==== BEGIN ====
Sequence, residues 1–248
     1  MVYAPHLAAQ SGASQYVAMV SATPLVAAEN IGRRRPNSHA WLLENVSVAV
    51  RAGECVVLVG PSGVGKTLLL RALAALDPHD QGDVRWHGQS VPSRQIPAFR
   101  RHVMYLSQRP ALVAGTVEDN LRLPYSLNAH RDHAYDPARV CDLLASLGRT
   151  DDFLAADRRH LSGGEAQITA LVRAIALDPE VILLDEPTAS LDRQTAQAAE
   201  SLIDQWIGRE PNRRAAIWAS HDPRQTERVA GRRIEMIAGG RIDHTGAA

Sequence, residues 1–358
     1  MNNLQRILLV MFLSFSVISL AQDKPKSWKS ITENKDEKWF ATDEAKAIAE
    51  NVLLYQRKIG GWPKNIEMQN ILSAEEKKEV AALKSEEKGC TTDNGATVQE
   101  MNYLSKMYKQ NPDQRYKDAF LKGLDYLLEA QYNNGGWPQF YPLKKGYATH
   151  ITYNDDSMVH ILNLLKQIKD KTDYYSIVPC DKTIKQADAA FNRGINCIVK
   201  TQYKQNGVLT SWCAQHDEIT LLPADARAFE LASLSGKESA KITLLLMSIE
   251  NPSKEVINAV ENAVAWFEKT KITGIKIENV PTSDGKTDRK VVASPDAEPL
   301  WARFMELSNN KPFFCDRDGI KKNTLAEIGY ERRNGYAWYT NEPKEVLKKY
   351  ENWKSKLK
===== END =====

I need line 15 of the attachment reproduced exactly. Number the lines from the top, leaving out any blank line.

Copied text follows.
   351  ENWKSKLK